Gadgets: Kindle 6/10 Livescribe 10/10

I’m usually a proud technology laggard, letting more intrepid people go ahead of me so they can help me out when I get round to the technology, letting systems get better sorted out and bug-fixed, and letting prices fall before I jump in. But, given how cheap they were – each under $300 – I was amongst the first in Australia to have Amazon ship me a Kindle, and just last week bought a Livescribe pen.

My reactions?  I’ve found the Kindle quite disappointing.  I thought it was a no-brainer that it would have some lighting built in to enable reading in the dark.  The reading window is a little small and the interface is, well clunky.  I’m surprised it’s such a success.  The integration with Amazon’s publishing is great, but so much effort is put into protecting IP, that it makes the user experience pretty heavy weather. After my experience with the iPhone I’m constantly grabbing for the screen to move something around, zoom in on something.  No dice I’m afraid.

Also I thought it would be great for surfing the net in an armchair – and then reading it with the convenience of a book (even small laptops aren’t all that pleasant to do that). I knew it was black and white only, but most of my web-surfing is reading text only, so I was looking forward to it. I’ve just spent about 15 minutes trying to figure out how to surf basic-web on the damn thing, but I’m still not there yet. The contrast with an iPhone, where, as with the original Macs and now windows, you just start trying to do things and teach yourself as you go, is striking.  I am told the Kindle will read pdfs. So I loaded some into it, but can’t find them :(

Some of these problems may be fixed to some extent on the Kindle DX, but I doubt I’ll be buying it any time soon.

Meanwhile I got a Livescribe pen and pad from Officeworks for $249 and I’ve rarely made a better investment (I think this is a sale price, so hurry on down there before they go back to $329). If you don’t yet know about them, the package consists of an electronic pen which

  1. writes normally
  2. records as you write so you can playback the lecture or meeting you’re taking notes in
  3. time and position stamps the recording so that you can simply point to a note you took and it will replay what was being heard when you wrote it.

Rather than the nightmare of some tablet which you’d have to wipe each time you wanted a new page, you take notes in a notebook that’s normal enough, but if you look closely you can see microdots all over it. This is what tells the system which part of the recording to go to.   You can then take your recording/notes and hoist them on the internet for anyone else to share.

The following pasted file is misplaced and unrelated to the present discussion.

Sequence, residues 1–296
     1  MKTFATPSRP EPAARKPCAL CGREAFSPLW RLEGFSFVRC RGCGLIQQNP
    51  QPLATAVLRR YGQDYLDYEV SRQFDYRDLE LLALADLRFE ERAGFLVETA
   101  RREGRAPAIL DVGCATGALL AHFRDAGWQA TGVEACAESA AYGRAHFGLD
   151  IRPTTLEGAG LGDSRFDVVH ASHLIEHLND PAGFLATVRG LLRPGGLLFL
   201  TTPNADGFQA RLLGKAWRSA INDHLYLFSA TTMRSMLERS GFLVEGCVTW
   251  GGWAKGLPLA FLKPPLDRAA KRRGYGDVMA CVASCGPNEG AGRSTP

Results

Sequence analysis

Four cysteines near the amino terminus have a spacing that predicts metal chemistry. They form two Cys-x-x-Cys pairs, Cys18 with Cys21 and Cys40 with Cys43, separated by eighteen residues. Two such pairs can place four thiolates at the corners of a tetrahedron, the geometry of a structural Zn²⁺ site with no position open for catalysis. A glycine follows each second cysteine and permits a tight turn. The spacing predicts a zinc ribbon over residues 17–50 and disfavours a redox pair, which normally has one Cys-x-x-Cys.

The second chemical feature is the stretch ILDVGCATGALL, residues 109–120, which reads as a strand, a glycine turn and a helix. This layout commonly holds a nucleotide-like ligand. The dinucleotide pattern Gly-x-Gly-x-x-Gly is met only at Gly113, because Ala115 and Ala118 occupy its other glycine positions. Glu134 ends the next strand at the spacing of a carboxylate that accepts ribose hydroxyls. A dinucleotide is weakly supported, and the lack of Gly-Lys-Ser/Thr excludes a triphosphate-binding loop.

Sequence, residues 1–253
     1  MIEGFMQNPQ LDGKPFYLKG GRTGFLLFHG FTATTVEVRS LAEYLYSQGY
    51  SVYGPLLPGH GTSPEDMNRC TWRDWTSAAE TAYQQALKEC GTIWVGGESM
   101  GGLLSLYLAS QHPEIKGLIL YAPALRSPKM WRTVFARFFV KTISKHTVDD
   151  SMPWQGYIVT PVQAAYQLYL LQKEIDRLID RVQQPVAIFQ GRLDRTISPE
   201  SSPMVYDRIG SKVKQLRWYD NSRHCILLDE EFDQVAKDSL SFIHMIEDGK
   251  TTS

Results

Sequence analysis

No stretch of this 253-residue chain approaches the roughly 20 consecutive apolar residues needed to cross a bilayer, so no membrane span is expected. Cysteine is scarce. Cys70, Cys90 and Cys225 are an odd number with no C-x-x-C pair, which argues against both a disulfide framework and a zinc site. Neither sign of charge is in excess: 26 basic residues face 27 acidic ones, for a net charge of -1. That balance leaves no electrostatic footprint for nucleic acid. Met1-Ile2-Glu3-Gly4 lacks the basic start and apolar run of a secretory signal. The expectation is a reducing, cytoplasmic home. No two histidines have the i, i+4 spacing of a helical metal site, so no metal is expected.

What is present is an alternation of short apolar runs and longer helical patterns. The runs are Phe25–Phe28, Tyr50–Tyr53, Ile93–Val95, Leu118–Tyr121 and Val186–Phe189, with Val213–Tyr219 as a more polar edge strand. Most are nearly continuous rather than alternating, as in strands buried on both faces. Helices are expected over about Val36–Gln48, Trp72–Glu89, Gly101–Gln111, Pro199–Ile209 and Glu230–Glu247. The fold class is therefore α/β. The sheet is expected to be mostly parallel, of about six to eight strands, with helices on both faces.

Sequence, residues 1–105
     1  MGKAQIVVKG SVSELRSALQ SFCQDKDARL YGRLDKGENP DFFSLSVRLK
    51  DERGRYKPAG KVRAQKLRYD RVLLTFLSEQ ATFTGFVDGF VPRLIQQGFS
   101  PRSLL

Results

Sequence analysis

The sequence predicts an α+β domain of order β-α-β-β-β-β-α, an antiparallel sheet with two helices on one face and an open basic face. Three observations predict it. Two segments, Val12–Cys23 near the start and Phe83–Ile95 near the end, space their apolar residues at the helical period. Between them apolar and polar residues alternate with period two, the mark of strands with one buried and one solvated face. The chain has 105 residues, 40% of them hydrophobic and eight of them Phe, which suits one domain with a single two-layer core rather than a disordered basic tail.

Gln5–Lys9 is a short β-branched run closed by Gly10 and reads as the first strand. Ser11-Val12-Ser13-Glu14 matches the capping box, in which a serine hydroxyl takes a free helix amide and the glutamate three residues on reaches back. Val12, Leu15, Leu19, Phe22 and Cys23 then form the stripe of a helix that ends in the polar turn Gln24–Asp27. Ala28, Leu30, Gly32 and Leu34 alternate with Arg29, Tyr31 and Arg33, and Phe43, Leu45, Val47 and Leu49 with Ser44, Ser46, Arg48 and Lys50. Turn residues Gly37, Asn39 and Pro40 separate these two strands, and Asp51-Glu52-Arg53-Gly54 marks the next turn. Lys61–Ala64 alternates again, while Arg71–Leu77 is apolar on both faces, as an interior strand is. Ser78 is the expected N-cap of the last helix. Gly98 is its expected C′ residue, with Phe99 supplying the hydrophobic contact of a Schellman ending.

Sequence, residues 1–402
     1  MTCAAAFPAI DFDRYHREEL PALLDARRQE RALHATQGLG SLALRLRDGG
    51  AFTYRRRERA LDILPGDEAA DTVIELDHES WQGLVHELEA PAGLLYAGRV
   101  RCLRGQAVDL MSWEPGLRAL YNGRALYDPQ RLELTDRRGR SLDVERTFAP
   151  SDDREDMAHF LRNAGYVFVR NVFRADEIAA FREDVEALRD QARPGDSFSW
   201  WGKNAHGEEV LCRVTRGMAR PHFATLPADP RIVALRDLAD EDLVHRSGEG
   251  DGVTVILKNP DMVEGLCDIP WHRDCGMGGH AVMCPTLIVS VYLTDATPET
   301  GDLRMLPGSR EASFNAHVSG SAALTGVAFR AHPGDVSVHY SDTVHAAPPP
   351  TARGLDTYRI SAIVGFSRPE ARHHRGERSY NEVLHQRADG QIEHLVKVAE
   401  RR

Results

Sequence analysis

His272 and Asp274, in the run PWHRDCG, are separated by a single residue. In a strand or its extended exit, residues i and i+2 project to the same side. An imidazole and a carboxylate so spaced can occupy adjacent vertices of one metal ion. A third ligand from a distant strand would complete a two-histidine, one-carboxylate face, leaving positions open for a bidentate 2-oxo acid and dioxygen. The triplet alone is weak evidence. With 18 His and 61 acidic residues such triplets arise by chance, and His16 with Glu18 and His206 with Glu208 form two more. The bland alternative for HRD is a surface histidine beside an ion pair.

Spectacular stuff.  Check out a demo here.

Postscript: One thing that I forgot to mention was that in seeking to extract money the web-surfing function seems to be seriously disabled. If you want to charge something like US$25 a month for a NYT subscription, you’d better make sure that people can’t surf their way to the NYT and read the content for free!  So the ‘basic web’ function won’t take me to lots of sites, like one of my favourites.  How stupid is that. I also hope that Apple is working on a tablet.  They’re masters of the closed system too, but if part of their offering is a convenient way to sit in an armchair or a tram and surf the net freely, then I’m an early adopter.

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Francis Xavier Holden
12 years ago

I’m yet to be convinced on e books. I have never found any screen reading to be as good as paper and you can’t lend the books out. Can you back up your books on kindle?

I have a eeepc with the small 7″ and linux. Its ok for doing a bit of reading on the net while watching tv or or in bed but it does have annoying limitations. The battery only lasts about 1.5 hours or less. [one of my brothers has a newer 10″ and he says he gets 4 – 5 hours from it]. The touchpad is too touchy and unpredictable in my view. The screen is way too small for many uses.

I took to eeepc away o/s with me and also my Nokia E71 – surprisingly the E71 had some advantages over the eeepc – for a start to Nokia phone was always on my belt – the battery lasts for 4 or 5 days at least with normal usage. Reading stuff off the net was a bit of a pain with the phone but not impossible. The phone has great built in (download) nokia maps which once tweeked online can be stored on the phone and used with outgoing online and with GPS – so they become good street maps.

The eeepc is great for Skype with built in camera and mic and speakers. And with wifi you can walk around Skyping.

Nic – with the Livescribe – it sounds good but I’m put off by the special paper – it seems like it would be expensive to run?

I’m not clear how well the print it yourself paper works or how expensive it is? I’m guessing if someone else is paying for the paper or printing it works out ok. I’m also not clear how well livescribe will interpret my scribble – I often can’t read my own notes back.

HeathG
HeathG
12 years ago

@FHXH

Which eeePc do you have? the 91T? There is a new version (91MT from memory) that uses Windows 7 that looks like it has great potential. Small form factor, multi-touch support, Windows 7, folds to adopt a tablet form factor. There is also rumours of a larger tablet in the Asus eeePC range mid next year. In my view – these multifunction tablets seem a much better choice than somehting as constrained as a kindle.